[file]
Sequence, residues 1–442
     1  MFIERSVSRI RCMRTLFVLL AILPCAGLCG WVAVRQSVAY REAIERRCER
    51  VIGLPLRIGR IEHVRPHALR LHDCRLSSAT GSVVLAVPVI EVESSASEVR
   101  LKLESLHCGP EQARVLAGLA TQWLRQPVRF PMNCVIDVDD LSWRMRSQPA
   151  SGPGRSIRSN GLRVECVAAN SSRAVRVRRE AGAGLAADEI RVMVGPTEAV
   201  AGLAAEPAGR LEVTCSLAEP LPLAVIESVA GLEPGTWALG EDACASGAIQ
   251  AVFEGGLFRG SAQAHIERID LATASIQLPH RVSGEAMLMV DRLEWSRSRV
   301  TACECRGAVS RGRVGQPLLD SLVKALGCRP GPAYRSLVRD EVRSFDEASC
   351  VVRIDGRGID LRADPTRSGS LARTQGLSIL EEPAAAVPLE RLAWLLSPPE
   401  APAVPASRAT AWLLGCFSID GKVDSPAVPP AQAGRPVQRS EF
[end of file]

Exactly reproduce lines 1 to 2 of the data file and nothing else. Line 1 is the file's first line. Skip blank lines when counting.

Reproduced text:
Sequence, residues 1–442
     1  MFIERSVSRI RCMRTLFVLL AILPCAGLCG WVAVRQSVAY REAIERRCER